Good afternoon. I'll be assisting you with your question.
I was previously an Assistant United States Attorney, and was my office's designated computer crimes prosecutor, so this is certainly within my area. It isn't often I get a chance to answer a question going back to my old area of expertise.
As a side note, 1030 is a failry complex, and, in my opinion and the opinion of many other prosecutors, a very poorly worded statute. Ultimately, it covers a great deal of conduct most likely not intended to be criminal.
Specifically, what is your question?
well, here's what happened.....
I joined a website by opening an account for free. They have a paid classified section. I bought an account for I think $100, under my real name. Then, for some reason I don't remember, in an ad I put my partner's name as the contact, not mine. They kicked me off for theft of service and wouldn't listen to any explanation. Banned me for life. So I used other people's identities to open accounts, but they were smarter than me and figured it out. Then an exhange of hot emails went back and forth and they now are threatening to bring criminal prosecution under that statute. The way I read it, I committed no fraud, got no financial gain, in fact paid THEM every time, never sold anything or got any financial benefit. Do you think a federal prosecutor would agree to prosecute me? Is there another law the could use, if not?
Understandably very worried about this.
OK. The situation you've described is what I meant when I said earlier that the statute criminalizes activity that was probably never meant to be. Technically speaking, you did exceed your authorized access by using somone else's name and information (I'm sure there's something in the user agreement about that).
However, just because it is technically criminal, that does not mean that anything will ever happen. In fact, it probably won't.
The website itself cannot bring charges. Only the US Attorney can do that.
I understand that, but they are really and way disproportionately out for blood. Do you think they can convince a USA to waste time on this?
Unless there was some sort of data breach or other issue beyond simply signing up under a name other than your own, US Attorneys Offices have been cautioned to not bring charges under that statute.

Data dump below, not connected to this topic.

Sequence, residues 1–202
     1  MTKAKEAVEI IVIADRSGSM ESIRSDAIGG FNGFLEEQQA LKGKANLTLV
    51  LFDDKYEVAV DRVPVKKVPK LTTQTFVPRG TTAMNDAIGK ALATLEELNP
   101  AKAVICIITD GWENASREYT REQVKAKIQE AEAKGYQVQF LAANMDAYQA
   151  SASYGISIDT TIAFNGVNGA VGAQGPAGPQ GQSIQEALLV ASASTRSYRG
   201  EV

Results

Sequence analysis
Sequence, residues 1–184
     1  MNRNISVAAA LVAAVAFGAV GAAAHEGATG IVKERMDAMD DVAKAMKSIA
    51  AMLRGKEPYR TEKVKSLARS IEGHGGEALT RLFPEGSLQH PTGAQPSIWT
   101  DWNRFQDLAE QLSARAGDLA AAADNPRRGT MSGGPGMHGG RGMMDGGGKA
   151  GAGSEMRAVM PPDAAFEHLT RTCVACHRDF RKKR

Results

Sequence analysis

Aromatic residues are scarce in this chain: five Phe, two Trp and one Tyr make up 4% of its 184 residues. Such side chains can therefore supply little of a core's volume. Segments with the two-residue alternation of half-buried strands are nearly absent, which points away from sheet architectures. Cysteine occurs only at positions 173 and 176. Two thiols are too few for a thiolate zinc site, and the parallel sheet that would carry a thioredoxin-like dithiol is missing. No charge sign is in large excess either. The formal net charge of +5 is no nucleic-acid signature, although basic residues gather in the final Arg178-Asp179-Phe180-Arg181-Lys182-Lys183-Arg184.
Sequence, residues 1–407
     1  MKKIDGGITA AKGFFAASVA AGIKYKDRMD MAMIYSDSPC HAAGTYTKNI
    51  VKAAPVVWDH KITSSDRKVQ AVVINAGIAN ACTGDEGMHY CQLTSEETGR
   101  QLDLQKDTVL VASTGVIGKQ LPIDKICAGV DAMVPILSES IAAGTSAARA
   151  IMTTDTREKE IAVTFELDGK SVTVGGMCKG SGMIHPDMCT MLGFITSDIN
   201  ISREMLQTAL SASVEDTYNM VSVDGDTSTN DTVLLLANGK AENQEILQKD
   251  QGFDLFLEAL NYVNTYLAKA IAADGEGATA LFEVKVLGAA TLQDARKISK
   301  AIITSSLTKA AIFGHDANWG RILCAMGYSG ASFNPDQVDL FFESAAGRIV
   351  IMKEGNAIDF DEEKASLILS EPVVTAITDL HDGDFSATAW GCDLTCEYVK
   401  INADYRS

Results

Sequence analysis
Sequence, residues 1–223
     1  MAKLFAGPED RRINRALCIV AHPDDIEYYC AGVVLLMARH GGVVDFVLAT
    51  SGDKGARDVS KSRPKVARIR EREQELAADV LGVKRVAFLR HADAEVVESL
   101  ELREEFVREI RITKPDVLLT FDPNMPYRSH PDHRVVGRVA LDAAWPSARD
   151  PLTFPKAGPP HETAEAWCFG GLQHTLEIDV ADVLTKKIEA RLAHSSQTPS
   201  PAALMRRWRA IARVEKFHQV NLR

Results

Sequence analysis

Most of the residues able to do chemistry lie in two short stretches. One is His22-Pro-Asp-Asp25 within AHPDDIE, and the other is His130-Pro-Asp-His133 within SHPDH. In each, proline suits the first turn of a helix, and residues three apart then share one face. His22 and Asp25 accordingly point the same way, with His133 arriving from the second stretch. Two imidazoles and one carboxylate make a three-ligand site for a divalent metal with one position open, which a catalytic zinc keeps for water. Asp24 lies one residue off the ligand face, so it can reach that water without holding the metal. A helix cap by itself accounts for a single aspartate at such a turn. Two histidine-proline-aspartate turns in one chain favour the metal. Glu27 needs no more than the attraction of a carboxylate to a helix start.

I was a court reporter for the u.s. attorney in florida and NY and have seen some strange things happen. I had no gain of any kind, zero.
did not access any data of any kind
In my opinion, there is almost no chance the US Attorney will puruse a case under the facts that you've described. Like I said, there would need to be more going on there, like a data brach, fraud, blackmail, etc.
Okay thanks. I'm going to leave a relief tip for you. I'll keep you posted.
I'm not in a position to guarantee what some US Attorney will do, but I would be absoutley shocked if they did.
Thanks. If you have any questions in the future, feel free to direct them to me. It isn't often I get the chance to assist a customer with a 1030 issue.
Thanks. That's what I figured. Actually, about a hear ago I hired a web designer to design and build a site to compete with them, but offer all the services for free. It is a very closed community and everybody would hear about it. Free would wipe them out. I abandoned it because I lost interest. Earlier today I sent an email to the designer, and I don't care if it costs me 20k, I'll put that up and see to it that every advertiser who pays them money is offered free accounts on this new site.
I will keep you posted, and hopefully there won't be too much to post. I left you an excellent and 20 bucks.
by the way, any OTHER law they are likely to get me on?
Thanks for the tip! No, I can't think of any other statutes they would pursue. If you are going to go after their business interests, there is one thing that you should be mindful of. There is a CIVIL cause of action called tortious interference with a contract. Essentailly, that makes it grounds for a lawsuit if one party (in this case, you) makes efforts intended for another to breach a business contract. Here are two websites that give a good, detailed description:
Just something to keep in mind.
Thanks, XXXXX XXXXX on that. Actually, I will never publicly badmouth them or suggest to anyone that they should leave them. I'll just let them weigh free vs. paid for the exact same service. By the way, KINGSNAKE.COM
I agree with your analysis. However, in the worst case, suppose they contact the US Attorney Monday, and suppose it's a crazy attorney who wants to pursue this. (I'm sure we've both known sadistic prosecutors who enjoy ruining lives). What is the fastest time you can realistically imagine them getting an indictment? I want to have bail and an attorney lined up before this happens. Do they need to go to a Grand Jury?
They definitely will at least try to make an example out of me, and they have an inhouse legal staff.
Once again, I know what you tell me is only an opinion, but I want to weigh my options and have nothing else to base it on.
By the way, if I get out of this I'm not going to bother them anymore. I just want peace in my life, so tortious interference is not going to happen.
Hard to imagine a Grand Jury hearing this. I reported a lot of Grand Juries in my day and never heard anything nearly as trivial. However, I have seen 100% certifiably insane sadistic prosecutors in my career, so one never do know.
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